Soho Theatre, London. To 18 August 2001 BO 020 7470 0100
Runs: 2 hours
Review: Timothy Ramsden 14 May 2001 at Southampton Nuffield.
Ironic new girlpower comedy that finally takes on a serious note.
Matt’s dumped girlfriend G (Cathy Tyson in Southampton, Diane Parrish at the Soho) and in revenge G plus four mates lock him in a cubicle of the women’s lavs on New Year’s Eve. Tied in by multiplying pairs of tights (the pub’s female clientele lend their legwear in solidarity) Matt tries to bargain, cajole, insult and finally trick his way out of porcelain solitude as the women rage, laugh, mock at male ways. Except for Sal, a psychological near prisoner of the loos who can’t face her ex-boyfriend out in the pub snogging his new fancy.Act One follows in this daughter of Willy Russell or John Godber way, though there are signs of the new writer – over-explicit statement, lines self-consciously engineered into place, plus an occasional tendency to leave some characters with too little to do.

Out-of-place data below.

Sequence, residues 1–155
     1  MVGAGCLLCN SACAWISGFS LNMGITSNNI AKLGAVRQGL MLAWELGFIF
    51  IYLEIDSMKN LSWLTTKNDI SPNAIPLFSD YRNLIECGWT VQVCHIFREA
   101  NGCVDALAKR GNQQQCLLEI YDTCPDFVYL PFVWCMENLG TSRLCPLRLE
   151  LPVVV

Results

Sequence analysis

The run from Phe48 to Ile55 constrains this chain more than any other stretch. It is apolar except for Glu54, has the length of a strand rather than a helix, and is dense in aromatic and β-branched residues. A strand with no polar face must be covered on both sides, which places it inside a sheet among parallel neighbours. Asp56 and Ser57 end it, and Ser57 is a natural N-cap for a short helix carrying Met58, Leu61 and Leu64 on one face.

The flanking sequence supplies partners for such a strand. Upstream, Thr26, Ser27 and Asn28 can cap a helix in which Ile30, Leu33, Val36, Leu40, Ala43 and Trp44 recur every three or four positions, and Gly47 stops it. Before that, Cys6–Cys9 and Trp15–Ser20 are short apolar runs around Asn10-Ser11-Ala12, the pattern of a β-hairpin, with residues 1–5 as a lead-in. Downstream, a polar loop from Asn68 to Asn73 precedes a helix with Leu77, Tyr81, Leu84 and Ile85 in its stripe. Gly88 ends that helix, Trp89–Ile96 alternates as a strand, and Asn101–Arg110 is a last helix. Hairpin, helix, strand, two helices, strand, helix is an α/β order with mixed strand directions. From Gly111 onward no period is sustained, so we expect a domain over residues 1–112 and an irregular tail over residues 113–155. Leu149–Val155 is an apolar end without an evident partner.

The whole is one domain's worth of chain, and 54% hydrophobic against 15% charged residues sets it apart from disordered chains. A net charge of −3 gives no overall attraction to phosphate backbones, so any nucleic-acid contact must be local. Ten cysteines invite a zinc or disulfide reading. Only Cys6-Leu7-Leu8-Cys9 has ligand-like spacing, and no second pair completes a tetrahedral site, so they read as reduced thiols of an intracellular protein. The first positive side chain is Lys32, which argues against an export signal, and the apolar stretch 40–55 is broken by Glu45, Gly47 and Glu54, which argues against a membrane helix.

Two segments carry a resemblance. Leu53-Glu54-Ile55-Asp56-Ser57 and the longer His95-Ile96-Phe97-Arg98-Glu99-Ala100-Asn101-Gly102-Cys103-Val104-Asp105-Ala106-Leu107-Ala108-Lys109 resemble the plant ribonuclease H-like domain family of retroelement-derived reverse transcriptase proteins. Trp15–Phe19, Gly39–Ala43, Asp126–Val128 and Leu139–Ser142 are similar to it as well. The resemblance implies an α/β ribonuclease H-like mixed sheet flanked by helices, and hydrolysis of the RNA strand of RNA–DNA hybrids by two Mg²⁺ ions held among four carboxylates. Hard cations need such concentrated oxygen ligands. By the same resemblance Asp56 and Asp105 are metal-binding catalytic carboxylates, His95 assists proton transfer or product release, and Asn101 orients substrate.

But you have to like a writer who can keep you interested for a longish scene when the only character around is a bloke hidden in a cubicle talking on his mobile ‘phone. And provide such distinct, believable characters. Act two takes us into new territory. Beth (Toyah Willcox) is a nurse whose professionalism releases Matt when he shrieks out in pain. Except, wouldn’t you know, he was faking it. And when Sal is injured it’s Beth, her big sister, who can’t comprehend how lifelong sisterly love means less than some bearded bloke’s random canoodlings.
With Sal unconscious, Matt (Matthew Cullum) is brought in to play his final faking, pretending to be the ex she pines for. The lights, and possibly Sal, die out on a dream of comfort in love. And love’s the ironic bitch that means a play with five feisty females is titled after its only male character. The cast is splendid, and Patrick Sandford’s production plays skilful variations of pace and tone.